“The body language and gestures of [Armenian presidential] candidates show that they are not quite frank,” psychologist Elda Grin tells “168 Zham.” “For example, there are people who look increasingly stupid day by day. Maybe they too are tired of this campaign. Seeing that look, can you trust the guy? No.”
“Failure by opposition candidates to unite will escalate their fight for second place [in the presidential race,] as a result of which they will fail to act in a united front in the post-election period as well,” writes “Hayots Ashkhar.” “Surely Ter-Petrosian and the team of former officials surrounding him, each of whose members already fancies himself as an official seated in a soft chair, will go to the end.” The pro-government paper goes on to predict that former parliament speaker Artur Baghdasarian will finish second in the race and emerge as the top leader of the Armenian opposition. It says that unlike Ter-Petrosian, Baghdasarian will have “a lot to lose in the post-election period” if joins anti-government demonstrations.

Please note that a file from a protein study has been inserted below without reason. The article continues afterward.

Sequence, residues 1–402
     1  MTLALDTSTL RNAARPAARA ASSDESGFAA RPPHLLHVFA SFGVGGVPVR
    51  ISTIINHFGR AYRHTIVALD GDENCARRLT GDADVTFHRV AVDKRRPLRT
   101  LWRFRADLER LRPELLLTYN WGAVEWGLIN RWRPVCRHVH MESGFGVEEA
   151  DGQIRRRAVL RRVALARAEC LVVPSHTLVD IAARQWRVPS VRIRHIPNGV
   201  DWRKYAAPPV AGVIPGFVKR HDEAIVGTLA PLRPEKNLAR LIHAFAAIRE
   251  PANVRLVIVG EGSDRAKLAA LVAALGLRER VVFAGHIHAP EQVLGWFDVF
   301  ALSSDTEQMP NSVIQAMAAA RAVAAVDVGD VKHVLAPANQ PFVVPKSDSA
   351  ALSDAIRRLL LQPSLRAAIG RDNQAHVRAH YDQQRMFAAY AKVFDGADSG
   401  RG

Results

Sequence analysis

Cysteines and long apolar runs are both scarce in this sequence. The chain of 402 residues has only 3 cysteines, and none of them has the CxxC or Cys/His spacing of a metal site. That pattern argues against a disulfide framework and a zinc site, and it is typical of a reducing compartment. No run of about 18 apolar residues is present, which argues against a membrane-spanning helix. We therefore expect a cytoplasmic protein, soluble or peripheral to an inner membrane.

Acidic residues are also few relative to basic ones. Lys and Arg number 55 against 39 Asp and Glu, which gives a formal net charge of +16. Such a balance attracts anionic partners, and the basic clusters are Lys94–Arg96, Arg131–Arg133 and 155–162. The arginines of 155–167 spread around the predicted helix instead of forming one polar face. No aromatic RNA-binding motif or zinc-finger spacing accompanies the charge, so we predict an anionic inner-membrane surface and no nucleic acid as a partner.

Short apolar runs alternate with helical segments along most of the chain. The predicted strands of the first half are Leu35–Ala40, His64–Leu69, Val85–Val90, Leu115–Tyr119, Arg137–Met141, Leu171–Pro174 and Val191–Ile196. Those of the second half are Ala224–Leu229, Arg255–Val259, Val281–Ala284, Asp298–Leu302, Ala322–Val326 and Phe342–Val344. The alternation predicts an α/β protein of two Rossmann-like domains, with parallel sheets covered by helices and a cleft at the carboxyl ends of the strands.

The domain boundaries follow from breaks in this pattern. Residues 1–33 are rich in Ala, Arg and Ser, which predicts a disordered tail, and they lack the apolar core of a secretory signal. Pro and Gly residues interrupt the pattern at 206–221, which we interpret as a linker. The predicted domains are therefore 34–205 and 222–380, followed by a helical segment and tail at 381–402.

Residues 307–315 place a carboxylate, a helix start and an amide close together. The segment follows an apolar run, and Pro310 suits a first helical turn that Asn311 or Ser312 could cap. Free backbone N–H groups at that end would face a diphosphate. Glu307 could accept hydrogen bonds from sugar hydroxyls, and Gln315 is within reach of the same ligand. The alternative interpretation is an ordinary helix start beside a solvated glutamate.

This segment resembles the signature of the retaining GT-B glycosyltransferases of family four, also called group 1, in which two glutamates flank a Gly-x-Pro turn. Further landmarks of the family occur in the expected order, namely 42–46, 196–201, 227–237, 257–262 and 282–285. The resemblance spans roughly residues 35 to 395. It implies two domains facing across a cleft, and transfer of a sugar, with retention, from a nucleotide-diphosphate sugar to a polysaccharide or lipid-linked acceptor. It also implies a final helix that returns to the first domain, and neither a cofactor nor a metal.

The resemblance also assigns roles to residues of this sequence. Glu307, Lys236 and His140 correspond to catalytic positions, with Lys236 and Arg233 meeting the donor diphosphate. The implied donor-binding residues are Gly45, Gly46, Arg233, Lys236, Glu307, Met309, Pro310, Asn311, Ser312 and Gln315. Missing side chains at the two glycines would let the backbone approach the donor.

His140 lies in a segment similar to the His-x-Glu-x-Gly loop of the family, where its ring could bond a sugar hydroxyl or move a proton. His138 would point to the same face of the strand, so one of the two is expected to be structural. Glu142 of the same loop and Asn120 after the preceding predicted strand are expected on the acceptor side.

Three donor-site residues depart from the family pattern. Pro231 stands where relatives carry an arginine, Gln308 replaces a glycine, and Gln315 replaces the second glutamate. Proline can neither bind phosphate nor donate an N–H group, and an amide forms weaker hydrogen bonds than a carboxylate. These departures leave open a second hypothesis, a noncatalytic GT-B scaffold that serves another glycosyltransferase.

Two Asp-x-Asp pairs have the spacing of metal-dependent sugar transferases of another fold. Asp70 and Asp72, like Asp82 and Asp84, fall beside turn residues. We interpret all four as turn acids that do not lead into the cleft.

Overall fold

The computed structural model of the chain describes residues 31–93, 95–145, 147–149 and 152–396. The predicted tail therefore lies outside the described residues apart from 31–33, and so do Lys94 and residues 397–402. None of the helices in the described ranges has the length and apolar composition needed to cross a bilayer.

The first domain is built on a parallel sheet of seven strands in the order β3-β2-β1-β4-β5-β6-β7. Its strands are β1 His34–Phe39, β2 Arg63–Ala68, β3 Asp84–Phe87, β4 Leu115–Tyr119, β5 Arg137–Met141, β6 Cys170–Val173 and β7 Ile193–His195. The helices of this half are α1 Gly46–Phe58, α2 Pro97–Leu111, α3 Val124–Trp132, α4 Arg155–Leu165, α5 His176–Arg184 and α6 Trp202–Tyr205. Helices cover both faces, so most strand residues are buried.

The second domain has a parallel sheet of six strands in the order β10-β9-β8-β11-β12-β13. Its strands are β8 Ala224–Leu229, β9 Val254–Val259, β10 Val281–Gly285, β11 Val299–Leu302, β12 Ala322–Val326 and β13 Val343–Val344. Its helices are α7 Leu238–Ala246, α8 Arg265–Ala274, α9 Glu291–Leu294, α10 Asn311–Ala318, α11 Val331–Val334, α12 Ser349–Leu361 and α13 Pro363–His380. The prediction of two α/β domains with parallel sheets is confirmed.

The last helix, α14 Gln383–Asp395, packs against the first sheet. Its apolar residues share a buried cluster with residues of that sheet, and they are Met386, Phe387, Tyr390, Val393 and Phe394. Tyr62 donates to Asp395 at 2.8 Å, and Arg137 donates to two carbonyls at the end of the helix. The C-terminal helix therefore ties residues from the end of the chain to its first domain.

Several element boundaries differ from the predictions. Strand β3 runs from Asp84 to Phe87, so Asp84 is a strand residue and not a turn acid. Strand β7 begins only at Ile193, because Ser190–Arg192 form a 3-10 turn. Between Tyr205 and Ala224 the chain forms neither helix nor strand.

“Aravot” says it would be wrong to claim that Ter-Petrosian is primarily backed by impoverished voters who are desperate to settle scores with government officials and oligarchs. The paper says it was struck by the presence of many young Armenians in Ter-Petrosian’s last rally in Yerevan. It suggests that they “matured during the years of independence” and don’t have painful memories of the early 1990s.
“Azg” reports that group of Armenian nationals living in Germany have written to the Armenian government and the Central Election Commission to express their discontent with their inability to vote in the February 19 election. “We view this fact as a violation of the electoral rights of all citizens of Armenia guaranteed by the constitution,” it says.